Wednesday, October 24, 2012

Beach Girls Hit the Bush-Ola Niassa!

When the opportunity to trek hundreds of kilometres into the remote wilderness of northern Mozambique comes up, you do not say no. The women of Wimbe needed a break from the beach and what better place to get in touch with nature than Niassa Reserve, a conservation area slightly bigger than Switzerland. If the promise of seeing elephants and lions did not assure me of its wildness, the 10 hour drive into the bush was a reminder of just how far away we were from the world of Pemba.


Taking advantage of a local holiday, the five of us (Ashlea, Sarah, Anna, Nil, and I) woke up at 3:30am, loaded up the pickup truck and were out of Pemba city limits by 4am.  You know it is an early morning when you go to bed to the neighbour's party and wake up to it still going strong.  Loud Mozambican music and cookies are welcome any time of day and they kept us going as we drove north west, farther and farther away from the beach.  The scenery changed as we wove through small villages and dodged the large lumber trucks that were clearing out the old growth forests.  Although the distance in kilometres is not huge, the state of the roads made for a slow drive (even when we accidentally ended up driving down an airport tarmac) and I got more and more excited for our final landing in Niassa.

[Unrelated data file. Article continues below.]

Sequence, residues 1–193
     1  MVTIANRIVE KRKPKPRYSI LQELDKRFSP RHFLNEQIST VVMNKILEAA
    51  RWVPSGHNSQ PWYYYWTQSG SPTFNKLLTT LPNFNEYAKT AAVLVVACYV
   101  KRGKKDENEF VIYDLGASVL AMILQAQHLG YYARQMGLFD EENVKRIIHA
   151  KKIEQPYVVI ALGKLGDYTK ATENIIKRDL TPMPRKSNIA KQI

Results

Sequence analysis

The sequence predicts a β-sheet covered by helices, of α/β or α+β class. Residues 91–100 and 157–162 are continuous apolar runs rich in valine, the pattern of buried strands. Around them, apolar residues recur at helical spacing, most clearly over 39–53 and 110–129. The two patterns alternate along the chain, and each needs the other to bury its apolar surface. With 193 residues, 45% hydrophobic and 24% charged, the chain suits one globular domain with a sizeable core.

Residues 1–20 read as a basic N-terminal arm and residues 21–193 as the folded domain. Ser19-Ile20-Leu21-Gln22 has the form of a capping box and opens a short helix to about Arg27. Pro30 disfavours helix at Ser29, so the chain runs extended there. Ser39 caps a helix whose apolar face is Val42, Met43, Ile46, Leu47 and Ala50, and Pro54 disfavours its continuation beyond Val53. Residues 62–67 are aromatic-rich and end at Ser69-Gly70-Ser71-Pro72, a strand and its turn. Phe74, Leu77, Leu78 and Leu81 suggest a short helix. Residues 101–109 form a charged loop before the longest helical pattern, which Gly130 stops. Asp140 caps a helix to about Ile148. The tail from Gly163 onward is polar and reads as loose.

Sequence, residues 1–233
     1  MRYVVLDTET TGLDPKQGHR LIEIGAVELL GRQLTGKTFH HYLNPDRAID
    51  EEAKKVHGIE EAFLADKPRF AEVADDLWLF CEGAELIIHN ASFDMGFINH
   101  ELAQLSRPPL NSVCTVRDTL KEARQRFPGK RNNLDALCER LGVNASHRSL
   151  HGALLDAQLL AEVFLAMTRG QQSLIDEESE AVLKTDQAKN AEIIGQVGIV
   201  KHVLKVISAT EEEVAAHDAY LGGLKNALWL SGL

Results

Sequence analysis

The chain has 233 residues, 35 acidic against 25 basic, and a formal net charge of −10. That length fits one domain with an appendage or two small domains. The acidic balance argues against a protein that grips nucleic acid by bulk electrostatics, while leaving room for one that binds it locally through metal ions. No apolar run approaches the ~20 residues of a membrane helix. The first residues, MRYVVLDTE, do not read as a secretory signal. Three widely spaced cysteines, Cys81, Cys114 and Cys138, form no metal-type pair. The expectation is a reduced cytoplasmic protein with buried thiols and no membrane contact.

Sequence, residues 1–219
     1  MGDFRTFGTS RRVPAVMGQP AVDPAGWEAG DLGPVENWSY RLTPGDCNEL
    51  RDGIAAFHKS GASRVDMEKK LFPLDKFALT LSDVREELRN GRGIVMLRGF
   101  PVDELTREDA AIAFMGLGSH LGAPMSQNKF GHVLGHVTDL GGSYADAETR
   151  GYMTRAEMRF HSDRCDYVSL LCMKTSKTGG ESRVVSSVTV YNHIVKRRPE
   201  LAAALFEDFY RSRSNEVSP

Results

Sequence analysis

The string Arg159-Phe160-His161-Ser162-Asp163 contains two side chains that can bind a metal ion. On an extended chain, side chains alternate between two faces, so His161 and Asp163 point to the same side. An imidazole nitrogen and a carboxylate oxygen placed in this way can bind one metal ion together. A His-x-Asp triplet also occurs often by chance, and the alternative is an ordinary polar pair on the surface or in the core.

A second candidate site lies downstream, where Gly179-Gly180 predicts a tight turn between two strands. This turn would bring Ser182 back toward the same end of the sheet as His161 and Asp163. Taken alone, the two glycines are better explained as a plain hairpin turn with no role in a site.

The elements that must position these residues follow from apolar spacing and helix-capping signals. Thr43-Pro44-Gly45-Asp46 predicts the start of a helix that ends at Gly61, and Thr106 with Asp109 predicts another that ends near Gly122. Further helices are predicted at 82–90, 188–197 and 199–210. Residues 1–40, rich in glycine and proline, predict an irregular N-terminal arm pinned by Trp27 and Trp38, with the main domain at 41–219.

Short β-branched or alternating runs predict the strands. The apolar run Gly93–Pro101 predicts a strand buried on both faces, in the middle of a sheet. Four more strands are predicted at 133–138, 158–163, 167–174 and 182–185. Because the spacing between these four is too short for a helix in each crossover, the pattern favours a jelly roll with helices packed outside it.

Impromptu dance formation outside of Balama village

Pemba Bush Babies on their way!

I'm guessing this man doesn't often see this on his daily commute
but he seemed to enjoy the photo op

One of the smoother parts of the road and a row of Flame of the Forest trees

The beginning of the massive construction and logging operations

Between Balama and Marupa (just a little warm out)

Evidence of the slash and burn techniques to create machambas
We also saw huge logging trucks loaded down with unregulated timber.